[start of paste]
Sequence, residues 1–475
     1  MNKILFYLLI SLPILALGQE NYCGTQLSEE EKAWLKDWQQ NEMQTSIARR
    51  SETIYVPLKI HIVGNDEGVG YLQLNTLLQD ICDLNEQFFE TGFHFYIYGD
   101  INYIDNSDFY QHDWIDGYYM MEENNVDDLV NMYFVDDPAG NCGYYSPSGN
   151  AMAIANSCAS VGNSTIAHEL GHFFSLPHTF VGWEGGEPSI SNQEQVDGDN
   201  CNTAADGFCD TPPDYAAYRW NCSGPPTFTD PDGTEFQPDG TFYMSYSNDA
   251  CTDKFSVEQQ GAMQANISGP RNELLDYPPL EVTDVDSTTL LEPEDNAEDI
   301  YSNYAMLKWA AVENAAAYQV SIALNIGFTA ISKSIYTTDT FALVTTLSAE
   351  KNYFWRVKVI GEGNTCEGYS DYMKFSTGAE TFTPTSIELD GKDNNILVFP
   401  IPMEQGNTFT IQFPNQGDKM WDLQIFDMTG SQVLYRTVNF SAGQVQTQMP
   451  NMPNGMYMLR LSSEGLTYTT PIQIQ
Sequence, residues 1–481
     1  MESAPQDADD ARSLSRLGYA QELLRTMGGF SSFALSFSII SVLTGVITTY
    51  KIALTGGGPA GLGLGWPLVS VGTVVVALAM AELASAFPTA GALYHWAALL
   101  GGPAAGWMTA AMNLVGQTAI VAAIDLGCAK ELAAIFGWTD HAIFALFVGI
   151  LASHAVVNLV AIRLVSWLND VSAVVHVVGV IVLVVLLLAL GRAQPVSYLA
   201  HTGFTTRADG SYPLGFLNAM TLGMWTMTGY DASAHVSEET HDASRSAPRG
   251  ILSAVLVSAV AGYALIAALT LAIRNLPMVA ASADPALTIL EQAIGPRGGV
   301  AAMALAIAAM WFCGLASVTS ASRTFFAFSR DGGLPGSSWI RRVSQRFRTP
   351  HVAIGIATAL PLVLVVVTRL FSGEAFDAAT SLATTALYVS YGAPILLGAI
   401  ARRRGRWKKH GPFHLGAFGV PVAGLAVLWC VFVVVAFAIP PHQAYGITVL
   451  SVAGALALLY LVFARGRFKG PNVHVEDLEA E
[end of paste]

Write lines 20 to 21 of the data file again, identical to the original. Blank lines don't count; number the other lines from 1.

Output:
   351  HVAIGIATAL PLVLVVVTRL FSGEAFDAAT SLATTALYVS YGAPILLGAI
   401  ARRRGRWKKH GPFHLGAFGV PVAGLAVLWC VFVVVAFAIP PHQAYGITVL